Youth Perspectives: Let’s Talk about Sex. Q& A with Lois van der Minnen and Anne Lipps from Amsterdam, Netherlands.
This month we are featuring a candid talk about sexual health, teens, and why having open conversations are so important. Lois and Anne are graduate students in Amsterdam. They also volunteer as peer educators for Tienerwijs and Het Voorspel, organizations which provide comprehensive sex education to primary and secondary school students across the Netherlands.
What does your organization do?
Tienerwijs provides lessons about relationships, puberty, sexual diversity, safe sex, contraception and consent for students ages 10-12 years in the Netherlands. Het Voorspel provides lessons about safe sex, STIs, sexual diversity, contraception and consent for students ages x.
What are the most common questions kids ask you?
What is the normal age to have sex? When do you usually lose your virginity? Kids really want to know what time schedule they should be on and what is normal. We always answer this with: ‘There is no normal age to lose your virginity. It is important that you feel ready, trust your partner, and have taken the necessary precautions for safe sex (and never feel pressured).
Why is providing sexual health information important for kids?
It shapes behavior in adolescents and adults and teaches the students acceptance of all sexualities and people in general. With open and non-judgmental attitude children and adolescents will learn to look at sex and love in a healthy and positive way instead of thinking of it as dirty.
Why are using peer educators in schools a good model?
Peer educators are often younger than parents and teachers. Peer education is a more comfortable and easier way for children and adolescents to talk and think about their own choices and opinions of sex and love. In our lessons, we try to achieve an open conversation with the children and adolescents in an interactive way, with different games, simulations and discussions and hopefully shape them into more secure adults when it comes to sexuality.
What do you think is rewarding about your experience with the group?
We often get questions like "how do I tell someone I like them?" or "What was your first period like?" I think it's nice for them to hear our stories and show them that everyone goes through these changes and feels awkward. We can give them advice from personal experience seeing as the age gap isn't that big. I can imagine that most students wouldn't ask their teachers these questions, but they seem to enjoy hearing our stories and advice. Furthermore, I think children sometimes have the mentality "my parents don't get it." This way we can give advice most parents would want to give, but it's coming from someone who's advice they trust as a peer.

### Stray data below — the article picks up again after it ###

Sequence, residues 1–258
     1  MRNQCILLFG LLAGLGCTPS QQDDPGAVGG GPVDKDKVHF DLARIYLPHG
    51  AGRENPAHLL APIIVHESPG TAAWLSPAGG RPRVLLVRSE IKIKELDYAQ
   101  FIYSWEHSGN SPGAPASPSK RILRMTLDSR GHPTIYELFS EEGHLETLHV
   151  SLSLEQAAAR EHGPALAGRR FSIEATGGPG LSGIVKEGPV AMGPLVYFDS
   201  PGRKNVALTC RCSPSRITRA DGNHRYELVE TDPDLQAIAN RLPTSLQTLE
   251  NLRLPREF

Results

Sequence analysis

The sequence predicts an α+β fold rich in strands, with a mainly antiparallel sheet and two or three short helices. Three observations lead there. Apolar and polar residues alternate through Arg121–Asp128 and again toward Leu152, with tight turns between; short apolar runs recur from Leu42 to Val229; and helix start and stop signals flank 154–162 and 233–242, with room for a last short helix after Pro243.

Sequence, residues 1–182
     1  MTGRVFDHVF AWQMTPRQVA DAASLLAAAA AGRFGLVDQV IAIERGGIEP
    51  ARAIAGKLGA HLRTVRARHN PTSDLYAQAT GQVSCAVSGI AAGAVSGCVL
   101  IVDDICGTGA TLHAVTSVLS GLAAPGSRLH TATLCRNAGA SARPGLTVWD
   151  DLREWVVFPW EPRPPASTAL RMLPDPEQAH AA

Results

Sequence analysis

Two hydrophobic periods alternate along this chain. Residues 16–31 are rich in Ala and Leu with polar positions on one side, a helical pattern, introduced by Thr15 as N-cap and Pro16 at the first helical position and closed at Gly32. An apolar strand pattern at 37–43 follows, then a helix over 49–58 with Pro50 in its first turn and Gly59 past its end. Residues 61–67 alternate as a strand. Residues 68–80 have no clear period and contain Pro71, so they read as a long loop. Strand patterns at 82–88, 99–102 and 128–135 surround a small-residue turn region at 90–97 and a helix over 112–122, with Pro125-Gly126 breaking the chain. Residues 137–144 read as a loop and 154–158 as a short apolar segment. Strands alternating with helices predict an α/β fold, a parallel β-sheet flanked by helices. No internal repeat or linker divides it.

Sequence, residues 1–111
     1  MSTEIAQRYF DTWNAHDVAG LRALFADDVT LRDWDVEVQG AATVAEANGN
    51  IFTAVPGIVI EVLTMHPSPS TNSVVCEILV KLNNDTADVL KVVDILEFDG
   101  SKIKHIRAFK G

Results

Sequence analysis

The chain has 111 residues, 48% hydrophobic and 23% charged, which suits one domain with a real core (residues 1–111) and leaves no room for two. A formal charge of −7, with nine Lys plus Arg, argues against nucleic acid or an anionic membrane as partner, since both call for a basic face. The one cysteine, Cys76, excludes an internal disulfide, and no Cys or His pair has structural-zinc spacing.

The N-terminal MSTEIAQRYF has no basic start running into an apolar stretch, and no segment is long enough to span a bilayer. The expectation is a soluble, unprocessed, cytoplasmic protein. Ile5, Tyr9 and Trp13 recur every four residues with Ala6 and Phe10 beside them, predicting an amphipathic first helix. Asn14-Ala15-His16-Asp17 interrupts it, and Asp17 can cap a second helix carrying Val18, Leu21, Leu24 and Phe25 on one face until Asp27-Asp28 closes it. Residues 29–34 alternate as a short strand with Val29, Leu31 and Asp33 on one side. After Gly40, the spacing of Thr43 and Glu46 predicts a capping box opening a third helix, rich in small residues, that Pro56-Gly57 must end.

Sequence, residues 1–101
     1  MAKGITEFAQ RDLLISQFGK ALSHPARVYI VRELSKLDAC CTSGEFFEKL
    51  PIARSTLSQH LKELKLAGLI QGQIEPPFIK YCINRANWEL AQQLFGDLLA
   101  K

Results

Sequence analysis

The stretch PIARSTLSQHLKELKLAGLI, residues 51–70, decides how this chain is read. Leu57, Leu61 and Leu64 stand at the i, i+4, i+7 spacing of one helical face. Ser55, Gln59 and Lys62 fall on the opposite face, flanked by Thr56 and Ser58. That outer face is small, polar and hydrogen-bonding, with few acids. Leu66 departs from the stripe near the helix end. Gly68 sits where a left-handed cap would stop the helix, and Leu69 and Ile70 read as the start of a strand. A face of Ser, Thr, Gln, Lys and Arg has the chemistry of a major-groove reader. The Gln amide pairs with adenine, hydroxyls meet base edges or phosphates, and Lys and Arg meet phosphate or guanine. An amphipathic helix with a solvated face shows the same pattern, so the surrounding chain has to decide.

Do kids speak to their parents about these issues?
I think it depends. Here in the Netherlands we see a big divide. Some kids will tell us that they can discuss everything with their parents and have already received some sexual education from them. Others tell us that they've never discussed any of these topics at home and don't think their parents would be open to this type of conversation. Generally, I think a lot of parents do discuss topics like puberty, condom use, consent and contraception. However, topics like masturbation, pornography, and sexuality seem to still be taboo during parent-child conversations.
Any advice to adults regarding talking to kids about sexual health?
Keep the conversation open! Let your children or students know that they can come to you with questions about anything. Even if you feel like you've said it a thousand times or that your children already know. It's important to repeat so that they know they can come to you with questions or concerns. They're still going to be embarrassed to talk about certain things so try to lower the barrier for them to seek advice. Furthermore, don't try to tackle all sexual health related topics with one huge loaded conversation. The conversation should continue throughout their teenage years as more aspects become important to their sexual health. Having one big talk can often make children feel that they can't talk about it at any other time or ever again.
Lois van der Minnen was born in the Netherlands, raised in Switzerland and the USA, and is currently a medical student at the University of Amsterdam. She is also President of the Tienerwijs chapter of the International Federation of Medical Students’ Associations (IFMSA-NL). She would like to obtain a masters in global health and then do a residency in obstetrics and gynecology. Anne Lips is from the Netherlands. She is also a masters student and head of Het Voorspel for the Vrije Universiteit of Amsterdam. Tienerwijs and Het Voorspel are projects organized by IFMSA-NL, hosted by local foundations, and managed by university student volunteers.